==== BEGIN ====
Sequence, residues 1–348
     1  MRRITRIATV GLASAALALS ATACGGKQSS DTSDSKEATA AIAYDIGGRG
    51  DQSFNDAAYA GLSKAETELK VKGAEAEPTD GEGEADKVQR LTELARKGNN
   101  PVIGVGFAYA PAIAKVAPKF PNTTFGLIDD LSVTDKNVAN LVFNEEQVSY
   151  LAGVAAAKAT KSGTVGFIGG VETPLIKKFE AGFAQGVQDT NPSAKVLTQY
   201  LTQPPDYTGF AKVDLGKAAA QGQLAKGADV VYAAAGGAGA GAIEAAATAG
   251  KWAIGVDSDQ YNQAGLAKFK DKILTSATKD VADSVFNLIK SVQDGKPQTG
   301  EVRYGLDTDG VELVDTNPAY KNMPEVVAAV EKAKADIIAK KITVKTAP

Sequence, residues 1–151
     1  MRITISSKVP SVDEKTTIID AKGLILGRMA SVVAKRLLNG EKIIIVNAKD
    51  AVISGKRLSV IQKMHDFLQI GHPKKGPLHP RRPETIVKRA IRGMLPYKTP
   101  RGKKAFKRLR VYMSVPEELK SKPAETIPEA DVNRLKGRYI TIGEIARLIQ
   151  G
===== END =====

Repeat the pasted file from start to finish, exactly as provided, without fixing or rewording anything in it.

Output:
Sequence, residues 1–348
     1  MRRITRIATV GLASAALALS ATACGGKQSS DTSDSKEATA AIAYDIGGRG
    51  DQSFNDAAYA GLSKAETELK VKGAEAEPTD GEGEADKVQR LTELARKGNN
   101  PVIGVGFAYA PAIAKVAPKF PNTTFGLIDD LSVTDKNVAN LVFNEEQVSY
   151  LAGVAAAKAT KSGTVGFIGG VETPLIKKFE AGFAQGVQDT NPSAKVLTQY
   201  LTQPPDYTGF AKVDLGKAAA QGQLAKGADV VYAAAGGAGA GAIEAAATAG
   251  KWAIGVDSDQ YNQAGLAKFK DKILTSATKD VADSVFNLIK SVQDGKPQTG
   301  EVRYGLDTDG VELVDTNPAY KNMPEVVAAV EKAKADIIAK KITVKTAP

Sequence, residues 1–151
     1  MRITISSKVP SVDEKTTIID AKGLILGRMA SVVAKRLLNG EKIIIVNAKD
    51  AVISGKRLSV IQKMHDFLQI GHPKKGPLHP RRPETIVKRA IRGMLPYKTP
   101  RGKKAFKRLR VYMSVPEELK SKPAETIPEA DVNRLKGRYI TIGEIARLIQ
   151  G